Here Are 4 Sinkholes In Iowa That Will Leave You Terrified Of Earth

The word “sinkhole” conjures up images of massive, uncontrollable holes in the ground…or maybe just images of potholes in the street. Either way, they’re unpleasant at best and dangerous at worst. Iowa hasn’t been immune to sinkholes. In fact, abandoned coal mines and a certain type of soil mean that sinkholes are actually a common occurrence in Iowa.

1. Des Moines, April 2016

This sinkhole happened just last month in Des Moines. It was still crumbling in on itself as the news crew filmed. According to an expert, abandoned coal mines beneath Des Moines led to the ground opening up and swallowing this entire front yard, including a tree.

2. Burlington, April 2014

This sinkhole in Burlington wasn’t caused by mines; rather, a water main leak wore away at the ground under the street over time. When the weight of the street was too much for the now-hollow space below, the street simply caved in on itself. Thank goodness it didn’t do so with a car on top of it.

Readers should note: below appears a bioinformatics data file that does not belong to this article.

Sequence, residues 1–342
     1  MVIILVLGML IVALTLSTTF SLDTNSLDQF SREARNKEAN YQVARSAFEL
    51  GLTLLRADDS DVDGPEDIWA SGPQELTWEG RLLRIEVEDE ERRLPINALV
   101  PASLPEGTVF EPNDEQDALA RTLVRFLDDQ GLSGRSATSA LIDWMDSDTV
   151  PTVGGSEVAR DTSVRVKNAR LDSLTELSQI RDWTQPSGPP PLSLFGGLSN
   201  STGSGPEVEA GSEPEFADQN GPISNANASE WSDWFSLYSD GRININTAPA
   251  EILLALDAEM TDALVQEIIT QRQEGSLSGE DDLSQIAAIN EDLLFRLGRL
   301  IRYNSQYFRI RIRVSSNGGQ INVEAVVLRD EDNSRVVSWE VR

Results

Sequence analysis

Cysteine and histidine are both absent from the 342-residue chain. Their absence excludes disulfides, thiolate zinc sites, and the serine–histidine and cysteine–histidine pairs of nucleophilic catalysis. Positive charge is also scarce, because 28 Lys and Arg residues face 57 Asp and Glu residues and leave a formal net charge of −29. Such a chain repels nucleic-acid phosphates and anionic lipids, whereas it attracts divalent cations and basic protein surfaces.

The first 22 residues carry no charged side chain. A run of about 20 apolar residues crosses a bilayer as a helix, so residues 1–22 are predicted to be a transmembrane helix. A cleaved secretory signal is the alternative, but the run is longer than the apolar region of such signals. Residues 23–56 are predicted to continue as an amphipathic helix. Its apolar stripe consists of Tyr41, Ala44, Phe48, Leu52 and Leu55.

3. Dubuque, May 2014

Another sinkhole, this one in Dubuque, is blamed on abandoned coal mine shafts from the early 20th century, when Iowa briefly had a fledgling coal mining industry. Experts say that there are around 6000 abandoned coal mines in 38 Iowa counties, but that they are no reason for people to panic. Sinkholes like these are very rare.

4. Council Bluffs, October 2013

This video is actually from a Nebraska news station, but it details the cause of a huge sinkhole that opened up on I-80 in Council Bluffs. Again, thankfully, no one was injured. On such a busy stretch of road, this could have been a major disaster.

Have you ever experienced one of these terrifying sinkholes first-hand? Tell your stories in the comments.